One possible interpretation
of certain brain-imaging studies is that in depression, a
vicious cycle becomes established among various structures
of the limbic system that have become hyperactive.
We already know that all of these structures are interconnected
by neural pathways. Thus someone's amygdala,
which can generate a
number of emotions related to fear, might produce a negative
emotion, the prefrontal lobes would revive
some bad memories associated with this emotion, the anterior
cingulate cortex would prevent the person from thinking
of anything else, and the thalamus would promote
the activity of the circuits that form this “depression
A substantial reduction
in the number of glial
cells in certain parts of the brain, such as the ventromedial
prefrontal cortex, has been observed in people who are clinically
This discovery is interesting, because it might explain some
other observations associated with depression, such as atrophy
or a decline in neural activity in certain parts of the brain.
The function of certain glial cells, such as astrocytes,
is to supply the neurons with energy. Hence, if the number
of astrocytes decreased, a decline in the activity of the associated
neurons could be expected.
|PARTS OF THE BRAIN
THAT SLOW DOWN OR SPEED UP IN DEPRESSION
One of the regions of the prefrontal
cortex that is most affected both by depression and by
the manic phase of manic depression is the ventromedial
cortex (also known as the subgenual cortex, because
it sits beneath the genua, or knee, of the corpus callosum).
This area deep inside the frontal lobes, on either side of
the centre line separating the two hemispheres, lets us switch
from one kind of affect to another. It is also heavily involved
of pleasure and positive reinforcement.
The ventromedial cortex has very dense connections with the limbic
system. These connections make the ventromedial cortex an ideal
structure for linking the conscious to the unconscious and for
ascribing meaning to perceptions by associating them with a meaningful
whole. Also, this region is strongly modulated by the neurotransmitters
involved in depression.
of people with a family form of depression or manic depression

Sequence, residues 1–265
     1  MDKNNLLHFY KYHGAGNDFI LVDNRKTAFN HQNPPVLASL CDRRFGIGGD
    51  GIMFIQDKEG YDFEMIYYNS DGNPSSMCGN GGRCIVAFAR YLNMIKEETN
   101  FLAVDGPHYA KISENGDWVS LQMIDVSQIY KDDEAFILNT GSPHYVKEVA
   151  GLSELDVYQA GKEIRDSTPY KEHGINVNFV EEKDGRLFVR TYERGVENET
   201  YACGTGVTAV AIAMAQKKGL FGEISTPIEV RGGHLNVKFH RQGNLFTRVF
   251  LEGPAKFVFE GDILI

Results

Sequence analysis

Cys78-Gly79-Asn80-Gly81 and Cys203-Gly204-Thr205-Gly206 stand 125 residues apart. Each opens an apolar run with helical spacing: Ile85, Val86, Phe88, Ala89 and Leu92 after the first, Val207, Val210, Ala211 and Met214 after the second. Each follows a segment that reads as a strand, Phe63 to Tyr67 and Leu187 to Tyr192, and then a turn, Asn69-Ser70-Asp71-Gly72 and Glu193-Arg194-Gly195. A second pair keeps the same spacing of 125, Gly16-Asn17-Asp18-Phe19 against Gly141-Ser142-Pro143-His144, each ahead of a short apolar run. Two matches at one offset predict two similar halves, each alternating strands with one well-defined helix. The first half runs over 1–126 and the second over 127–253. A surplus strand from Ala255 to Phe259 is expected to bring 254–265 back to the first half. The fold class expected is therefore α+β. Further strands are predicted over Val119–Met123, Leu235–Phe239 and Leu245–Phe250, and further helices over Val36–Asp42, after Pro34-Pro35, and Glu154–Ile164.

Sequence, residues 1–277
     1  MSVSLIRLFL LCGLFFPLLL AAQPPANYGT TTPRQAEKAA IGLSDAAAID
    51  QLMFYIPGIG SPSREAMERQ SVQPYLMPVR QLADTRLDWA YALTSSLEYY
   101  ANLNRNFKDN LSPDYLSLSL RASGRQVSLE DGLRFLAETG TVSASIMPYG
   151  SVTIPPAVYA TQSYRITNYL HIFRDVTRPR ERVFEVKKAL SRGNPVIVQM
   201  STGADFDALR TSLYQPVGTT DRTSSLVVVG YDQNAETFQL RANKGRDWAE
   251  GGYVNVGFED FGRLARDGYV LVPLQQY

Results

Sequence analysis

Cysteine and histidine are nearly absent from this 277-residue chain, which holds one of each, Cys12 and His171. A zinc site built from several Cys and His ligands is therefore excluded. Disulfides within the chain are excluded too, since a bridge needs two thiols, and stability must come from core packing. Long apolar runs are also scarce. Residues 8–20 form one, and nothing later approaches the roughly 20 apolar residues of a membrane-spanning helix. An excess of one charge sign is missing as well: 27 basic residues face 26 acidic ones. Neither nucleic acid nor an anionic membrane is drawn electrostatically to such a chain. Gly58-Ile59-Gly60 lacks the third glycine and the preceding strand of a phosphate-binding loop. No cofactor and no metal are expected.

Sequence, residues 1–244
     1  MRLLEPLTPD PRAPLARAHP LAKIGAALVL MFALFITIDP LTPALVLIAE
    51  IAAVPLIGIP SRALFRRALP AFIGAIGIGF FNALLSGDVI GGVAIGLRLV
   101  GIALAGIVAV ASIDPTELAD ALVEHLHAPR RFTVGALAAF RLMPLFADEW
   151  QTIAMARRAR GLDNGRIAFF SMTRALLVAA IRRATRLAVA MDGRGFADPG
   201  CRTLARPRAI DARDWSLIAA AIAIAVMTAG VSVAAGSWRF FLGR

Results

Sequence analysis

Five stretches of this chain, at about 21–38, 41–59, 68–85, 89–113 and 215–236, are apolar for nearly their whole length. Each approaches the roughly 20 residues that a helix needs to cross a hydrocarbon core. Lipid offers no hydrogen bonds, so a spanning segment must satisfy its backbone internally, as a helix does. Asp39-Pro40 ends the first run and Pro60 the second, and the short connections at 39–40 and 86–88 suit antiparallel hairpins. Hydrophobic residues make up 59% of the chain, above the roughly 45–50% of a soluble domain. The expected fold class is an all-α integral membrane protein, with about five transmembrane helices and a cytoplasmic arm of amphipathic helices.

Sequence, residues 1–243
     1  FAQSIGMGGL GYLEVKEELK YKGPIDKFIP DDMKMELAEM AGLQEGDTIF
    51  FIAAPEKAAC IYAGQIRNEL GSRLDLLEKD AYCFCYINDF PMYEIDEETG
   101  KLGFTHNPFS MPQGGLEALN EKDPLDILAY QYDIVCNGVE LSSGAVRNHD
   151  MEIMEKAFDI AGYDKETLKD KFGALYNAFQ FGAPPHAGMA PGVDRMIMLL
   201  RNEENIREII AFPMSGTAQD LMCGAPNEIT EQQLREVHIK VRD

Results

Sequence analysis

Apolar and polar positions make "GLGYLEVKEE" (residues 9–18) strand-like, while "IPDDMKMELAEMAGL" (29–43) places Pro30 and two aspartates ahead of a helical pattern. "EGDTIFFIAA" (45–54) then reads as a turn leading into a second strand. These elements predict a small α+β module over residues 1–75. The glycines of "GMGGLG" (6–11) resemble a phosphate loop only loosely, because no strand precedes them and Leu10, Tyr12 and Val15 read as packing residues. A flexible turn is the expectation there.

have shown that the ventromedial cortex was up to 40% smaller
in people who were clinically depressed. When researchers
investigated what might be happening at the cellular level
to account for this atrophy in this part of the brain, they
found that it was not the number of neurons that had diminished,
but rather the number of glial cells that had fallen drastically
Several experiments have shown that, like many other parts
of the prefrontal cortex, this “emotional control centre” is
nearly inactive during the depressive phase of manic depression,
but becomes hyperactive during the manic phase. The logic
of these two opposite states can also be observed in certain
symptoms. For example, people in a manic phase find meaning
in everything they do, whereas people who are depressed experience
an overall loss of meaning in their lives.
1) orbitofrontal cortex
2) lateral prefrontal cortex
3) ventromedial cortex
4) limbic system
5) anterior cingulate cortex
The cingulate cortex is
another brain structure that seems to be involved in depression.
This part of the cortex is very old in evolutionary terms. It lies
pathways ascending from the unconscious, emotional limbic brain,
as well as other pathways that descend from the conscious, prefrontal
cortex and that are involved in planning actions.
The cingulate cortex has been observed to be less active in people
who are depressed and hyperactive in people who are manic. But
the anterior portion of the cingulate cortex, unlike the rest of
this structure, becomes more active during depression. Though the
functions of the anterior cingulate cortex (or gyrus) are highly
complex, it seems to act somewhat like an interface between the
lower, more instinctive parts of the brain and the more rational
circuits of the neocortex. In healthy people, the activation of
this structure would thus help to focus attention on certain phenomena,
often arising from our own bodies, such as pain, or the negative
feelings associated with depression.
The cingulate cortex (yellow) and its anterior portion
(orange) in a sagittal section of the brain
Source: Suzanne Stensaas and O.E.
Millhouse, The Digital Slice of Life
a role in the functioning of the body's alarm system, through
nervous system and the hypothalamic-pituitary-adrenal
(HPA) axis. But norepinephrine's exact role in depression
remains ambiguous. On the one hand, a decline in the activity
of the serotonergic or norepinephrinergic circuits appears
to favour the onset of a depressive state. But on the other
hand, some studies report the opposite: hyperactivity in
the norepinephrinergic system during depression.
Autopsies have shown, however, that patients who had experienced
multiple depressive episodes had fewer norepinephrinergic neurons.
A large part of the problem may therefore be the ability or
inability of the norepinephrinergic system to respond properly
to the demands of stress. As research increasingly shows, negative
experiences with parental care in early life have an important
impact on an individual's ability to manage stress as an adult.
These experiences might have persistent effects on several
systems, including the norepinephrinergic system.